Stocks Dip as Amazon-Whole Foods Deal Hammers Grocery Stores

stocks, markets, Wall Street, Amazon, Whole Foods
Specialist Philip Finale, right, works with traders at the post that handles Wal-Mart on the floor of the New York Stock Exchange on Friday. (AP Photo/Richard Drew)

U.S. stocks are slightly lower Friday as Amazon’s $13.7 billion deal for Whole Foods Market is sending grocery stores, big retailers, and food makers and distributors plunging. Amazon and Whole Foods are both climbing, and energy companies are rising as the price of oil moves higher.

KEEPING SCORE: The Standard & Poor’s 500 index lost 2 points, or 0.1 percent, to 2,430 as of 1:10 p.m. Eastern time. The Dow Jones Industrial Average edged up 8 points to 21,367. The Nasdaq composite fell 15 points, or 0.2 percent, to 6,150. The Russell 2000 index of smaller company stocks shed 8 points, or 0.6 percent, to 1,401.

GROCERY SHOPPING: Online juggernaut Amazon said it will buy organic grocery company Whole Foods for about $13.7 billion, or $42 a share. Whole Foods Market had been the target of sale rumors for two months, boosting its stock. The shares last traded at $42 about two years ago. Whole Foods jumped $9.44, or 28.6 percent, to $42.50, while Amazon climbed $27.95, or 2.9 percent, to $992.12.

Amazon has tested grocery stores of its own and also offers Prime Fresh, a $299-a-year grocery delivery service. Many investors suspected it would eventually make a bigger move into that business.

It’s rare for a single deal to have a big effect on the broader stock market, but the deal between Amazon and Whole Foods did. Neil Saunders, managing director of the research firm Global Data Retail, said Amazon is likely to push companies that sell food to lower their prices, which will affect the companies that make and distribute those products.

“As Amazon enters the grocery market proper, it will put a lot more pressure on existing grocers,” he said. “Those grocers will respond by cutting prices, and that will cut profits for the distributors.”

TERROR IN THE AISLES: Investors responded by dumping the stocks of major retailers. Many of them have started trying to sell more groceries in the last few years to try to capitalize on shoppers’ yen for fresher, more natural food. That was a trend Whole Foods helped start.

Target tumbled $3.79, or 6.8 percent, to $51.67. Costco fell $9.83, or 5.5 percent, to $170.23, and Wal-Mart gave up $3.53, or 4.5 percent, to $75.38.

Drugstore CVS declined $3.30, or 4.1 percent, to $76.79 and Walgreens sagged $4.08, or 4.9 percent, to $78.48.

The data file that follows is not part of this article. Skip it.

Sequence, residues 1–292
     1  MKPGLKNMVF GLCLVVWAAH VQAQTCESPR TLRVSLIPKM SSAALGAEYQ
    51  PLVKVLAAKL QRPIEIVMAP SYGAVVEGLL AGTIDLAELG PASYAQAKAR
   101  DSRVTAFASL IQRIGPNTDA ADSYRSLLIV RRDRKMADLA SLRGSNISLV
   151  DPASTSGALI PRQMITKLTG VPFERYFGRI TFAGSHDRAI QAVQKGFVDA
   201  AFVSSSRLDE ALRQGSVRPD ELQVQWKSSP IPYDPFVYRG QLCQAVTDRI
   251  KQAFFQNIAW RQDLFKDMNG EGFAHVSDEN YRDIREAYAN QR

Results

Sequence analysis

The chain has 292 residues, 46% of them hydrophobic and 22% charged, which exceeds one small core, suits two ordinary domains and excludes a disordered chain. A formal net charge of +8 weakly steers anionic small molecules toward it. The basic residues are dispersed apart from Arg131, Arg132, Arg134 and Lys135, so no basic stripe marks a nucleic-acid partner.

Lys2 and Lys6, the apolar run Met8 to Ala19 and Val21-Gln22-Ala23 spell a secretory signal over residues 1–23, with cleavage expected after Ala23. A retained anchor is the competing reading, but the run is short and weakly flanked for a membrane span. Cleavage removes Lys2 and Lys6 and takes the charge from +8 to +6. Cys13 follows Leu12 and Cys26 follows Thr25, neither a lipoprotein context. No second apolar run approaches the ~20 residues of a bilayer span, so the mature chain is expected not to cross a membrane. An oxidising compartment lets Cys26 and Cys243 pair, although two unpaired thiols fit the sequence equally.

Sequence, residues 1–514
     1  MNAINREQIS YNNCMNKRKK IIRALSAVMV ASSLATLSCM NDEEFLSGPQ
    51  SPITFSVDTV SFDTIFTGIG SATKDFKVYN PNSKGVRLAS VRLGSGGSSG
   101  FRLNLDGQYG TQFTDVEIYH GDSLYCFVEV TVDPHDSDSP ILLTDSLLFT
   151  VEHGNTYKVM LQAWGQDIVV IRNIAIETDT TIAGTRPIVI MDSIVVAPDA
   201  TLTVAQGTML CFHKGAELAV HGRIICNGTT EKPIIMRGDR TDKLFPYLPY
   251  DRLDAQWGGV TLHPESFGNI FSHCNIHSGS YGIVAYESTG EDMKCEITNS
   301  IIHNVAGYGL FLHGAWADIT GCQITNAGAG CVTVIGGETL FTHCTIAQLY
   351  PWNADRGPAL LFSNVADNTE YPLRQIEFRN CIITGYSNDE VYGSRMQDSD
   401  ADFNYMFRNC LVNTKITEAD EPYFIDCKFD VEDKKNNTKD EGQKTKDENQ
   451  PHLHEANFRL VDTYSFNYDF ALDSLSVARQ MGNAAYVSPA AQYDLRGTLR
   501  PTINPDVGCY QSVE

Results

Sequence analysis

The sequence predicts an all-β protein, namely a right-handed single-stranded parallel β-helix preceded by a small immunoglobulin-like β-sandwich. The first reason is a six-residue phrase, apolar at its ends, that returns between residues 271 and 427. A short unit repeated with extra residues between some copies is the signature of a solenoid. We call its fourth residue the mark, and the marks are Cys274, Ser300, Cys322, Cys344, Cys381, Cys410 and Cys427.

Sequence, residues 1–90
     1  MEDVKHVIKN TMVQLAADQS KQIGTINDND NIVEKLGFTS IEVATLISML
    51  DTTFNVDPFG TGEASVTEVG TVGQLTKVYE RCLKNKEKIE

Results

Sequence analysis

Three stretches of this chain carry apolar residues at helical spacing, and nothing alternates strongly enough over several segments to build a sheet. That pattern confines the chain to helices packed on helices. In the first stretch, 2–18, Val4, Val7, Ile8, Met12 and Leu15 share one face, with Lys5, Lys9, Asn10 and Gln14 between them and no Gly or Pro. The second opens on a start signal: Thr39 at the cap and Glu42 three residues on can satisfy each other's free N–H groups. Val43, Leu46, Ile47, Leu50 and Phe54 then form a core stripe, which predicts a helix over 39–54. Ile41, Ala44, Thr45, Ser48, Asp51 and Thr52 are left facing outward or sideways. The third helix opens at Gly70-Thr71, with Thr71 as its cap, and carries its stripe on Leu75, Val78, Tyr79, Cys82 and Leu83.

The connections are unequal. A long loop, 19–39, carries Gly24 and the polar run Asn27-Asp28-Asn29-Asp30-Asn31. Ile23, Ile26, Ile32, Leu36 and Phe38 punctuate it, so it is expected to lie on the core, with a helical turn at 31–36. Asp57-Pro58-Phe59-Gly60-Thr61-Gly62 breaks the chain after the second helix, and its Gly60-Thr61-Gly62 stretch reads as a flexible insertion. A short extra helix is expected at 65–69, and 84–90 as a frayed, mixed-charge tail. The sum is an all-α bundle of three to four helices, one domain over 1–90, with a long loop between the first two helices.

Amazon is also something of a unique threat to many retailers because it doesn’t mind losing money for long stretches. Amazon might be able to sell inexpensive groceries as it makes its money from its cloud-computing business and its gigantic online marketplace, and do to big grocery stores what it’s done to sellers of goods like clothing and office supplies.

“Is the future of grocery-store shopping going to be a point-and-click experience, or is it going to be going to a grocery store?” said Dan Morgan, senior portfolio manager at Synovus Trust.

GREEN GROCERS SEE RED: Supermarket chain Kroger, which plunged 19 percent Thursday after lowering its sales forecast, lost another $2.64, or 10.7 percent, to a three-year low of $21.92. Sprouts Farmers Market skidded $1.09, or 4.9 percent, to $21.33, and Supervalu sank 50 cents, or 13.3 percent, to $3.26.

Big food companies also tumbled. Campbell Soup fell $1.66, or 2.9 percent, to $55.30, and Hormel lost 78 cents, or 2.3 percent, to $33.82. General Mills dipped $1.64, or 2.8 percent, to $57.19. Among food distributors, United Natural Foods dropped $2.87, or 7.2 percent, to $36.88, and Sysco Foods fell $1.79, or 3.1 percent, to $53.75.

BOOZ ALLEN HAMMERED: Defense contractor Booz Allen Hamilton tumbled after it said it is the target of a government investigation. The McLean, Virginia-based company said the Department of Justice is conducting both a civil and criminal investigation into its accounting practices and the way it charges the U.S. government. The company said it is cooperating with the investigation and its own auditing hasn’t turned up any major erroneous costs or problems. The stock fell $7.18, or 18.3 percent, to $32.15.

ENERGY: Benchmark U.S. crude rose 20 cents to $44.66 a barrel in New York. Brent crude, used to price international oils, climbed 34 cents to $47.26 a barrel in London. Occidental Petroleum rose $1.30, or 2.2 percent, to $60.70, and Chevron gained $1.24, or 1.2 percent, to $107.57.

BONDS: Bond prices inched higher. The yield on the 10-year Treasury note fell to 2.15 percent from 2.17 percent.

CURRENCIES: The dollar edged up to 110.85 yen from 110.79 yen. The euro rose to $1.1188 from $1.1155.

OVERSEAS: European stock indexes rose after Greece reached a deal with its eurozone creditors. The agreement will release another $9.5 billion in rescue money, which means the country won’t face the risk of bankruptcy when it has to make a big debt payment next month. France’s CAC 40 added 0.9 percent and the DAX in Germany climbed 0.5 percent. Britain’s FTSE 100 gained 0.6 percent.

Japan’s Nikkei 225 stock index rose 0.6 percent after the Bank of Japan said there are signs of improvement in the world’s third-largest economy. South Korea’s Kospi finished little changed. Hong Kong’s Hang Seng rebounded 0.2 percent.

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